SCRA Helps Child Abuse Victim Find Justice

SCRA Helps Child Abuse Victim Find Justice

‘SCRA Helps Child Abuse Victim Find Justice’

The Servicemembers Civil Relief Act is playing an important part in a recent case against a child abuser in Lompoc, California.

One of the lesser known parts of the SCRA is that it puts a hold on the statute of limitations in any case that a servicemember is involved in, according to The American Bar Association. This includes cases brought by or against a servicemember. Under 50 U.S. Code App. § 526, the period during which a servicemember is on active military status cannot be included when calculating any limitation period for filing suit. This element of the law played an essential part in helping a child abuse victim to bring a suit against his abuser.

Eleven years later
One of the problems in litigating child abuse cases is that the victim rarely comes forward early on. Often, it isn't until years later that he or she is able to face the difficulties involved with bringing his or her abuser to court. As a result, there are some abuse cases that cannot be prosecuted, despite a longer statute of limitations on this type of crime than on many others.

A suit filed Oct. 30 in Los Angeles Superior Court demonstrated just this principle, according to The Lompoc Record. The suit alleges that national and Region 122 officials of the American Youth Soccer Association – the largest youth soccer organization in the United States – allowed Terence Paul Stevens to retain his position as coach after he was arrested and admitted to the abuse. It states that he used his position to gain access to and "groom" youths for sexual abuse.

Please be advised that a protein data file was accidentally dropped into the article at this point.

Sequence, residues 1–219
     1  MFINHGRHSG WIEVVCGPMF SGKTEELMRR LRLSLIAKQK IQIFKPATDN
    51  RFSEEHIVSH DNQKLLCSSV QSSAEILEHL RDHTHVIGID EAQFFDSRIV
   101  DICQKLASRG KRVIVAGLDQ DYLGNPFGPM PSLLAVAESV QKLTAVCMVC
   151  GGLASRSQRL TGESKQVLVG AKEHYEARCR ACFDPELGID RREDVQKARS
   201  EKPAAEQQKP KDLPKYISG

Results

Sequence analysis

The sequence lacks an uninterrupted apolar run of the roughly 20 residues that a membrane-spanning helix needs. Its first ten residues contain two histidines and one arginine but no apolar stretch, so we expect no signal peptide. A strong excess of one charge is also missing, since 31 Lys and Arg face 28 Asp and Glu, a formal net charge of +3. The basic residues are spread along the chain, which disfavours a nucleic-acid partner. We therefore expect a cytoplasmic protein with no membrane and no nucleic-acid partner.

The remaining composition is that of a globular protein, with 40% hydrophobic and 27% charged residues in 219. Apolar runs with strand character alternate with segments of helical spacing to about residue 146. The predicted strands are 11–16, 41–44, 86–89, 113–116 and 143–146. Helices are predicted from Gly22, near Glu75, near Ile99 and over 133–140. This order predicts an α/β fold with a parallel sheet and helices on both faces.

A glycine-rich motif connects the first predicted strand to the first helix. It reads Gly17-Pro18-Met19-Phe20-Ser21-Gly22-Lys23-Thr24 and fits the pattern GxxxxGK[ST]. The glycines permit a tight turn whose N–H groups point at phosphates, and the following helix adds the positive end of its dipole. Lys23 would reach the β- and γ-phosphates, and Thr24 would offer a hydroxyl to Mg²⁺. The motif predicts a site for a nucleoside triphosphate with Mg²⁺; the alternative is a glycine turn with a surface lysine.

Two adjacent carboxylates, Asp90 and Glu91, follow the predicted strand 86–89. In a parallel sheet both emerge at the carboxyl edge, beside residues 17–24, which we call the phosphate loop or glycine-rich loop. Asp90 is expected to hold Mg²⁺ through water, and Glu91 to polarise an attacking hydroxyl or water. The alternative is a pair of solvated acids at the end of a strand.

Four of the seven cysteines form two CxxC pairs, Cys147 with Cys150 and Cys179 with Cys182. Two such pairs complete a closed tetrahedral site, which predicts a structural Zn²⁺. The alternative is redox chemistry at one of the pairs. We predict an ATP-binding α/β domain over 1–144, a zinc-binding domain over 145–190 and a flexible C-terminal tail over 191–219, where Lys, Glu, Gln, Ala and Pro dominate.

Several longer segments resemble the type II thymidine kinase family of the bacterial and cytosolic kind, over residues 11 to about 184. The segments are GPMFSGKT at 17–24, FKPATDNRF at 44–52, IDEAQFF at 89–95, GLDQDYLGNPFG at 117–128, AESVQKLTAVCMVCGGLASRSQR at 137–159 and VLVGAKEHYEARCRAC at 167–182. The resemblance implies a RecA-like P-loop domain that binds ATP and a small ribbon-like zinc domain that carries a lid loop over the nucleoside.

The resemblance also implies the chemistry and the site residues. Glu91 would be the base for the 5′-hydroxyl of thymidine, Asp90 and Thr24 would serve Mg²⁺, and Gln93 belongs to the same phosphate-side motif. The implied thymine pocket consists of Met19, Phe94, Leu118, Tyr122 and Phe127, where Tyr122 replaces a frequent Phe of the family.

The plaintiff, who is not named in the suit, is now an adult living in Florida, according to the news source. However, he alleges that the abuse started in 1985. Normally, a case couldn't be brought after so much time, but the Servicemembers Civil Relief Act is enabling him because of its provisions for holding the statute of limitations.

Stevens was arrested for abusing the plaintiff in 1988, according to the Record. He also admitted to some of the behavior mentioned. However, when AYSO officials learned about the arrest, they didn't warn the parents or seek out more victims. They also failed to reprimand or expel Stevens, allowing him to remain a volunteer with the organization. He continued to work and volunteer in the area until his arrest in 2008 on charges of sexual misconduct with a minor.

The Servicemembers Civil Relief Act is helping a victim to fight for justice in this case. Compliance with this important law is important, and the Servicemembers Civil Relief Act Centralized Verification Service can help.

Attorney Roy Kaufmann serves as the Director of the Servicemembers Civil Relief Act Centralized Verification Service, located in Washington, D.C. As a recognized authority on the Servicemembers Civil Relief Act, Mr. Kaufmann has published hundreds of articles and hosted many webinars. His teachings help law firms and businesses to remain compliant with the SCRA rules and regulations so as to avoid costly fines.

Copyright © 2018 by SCRA, LLC. All rights reserved.
Customer Reviews Accepted Modes of Payment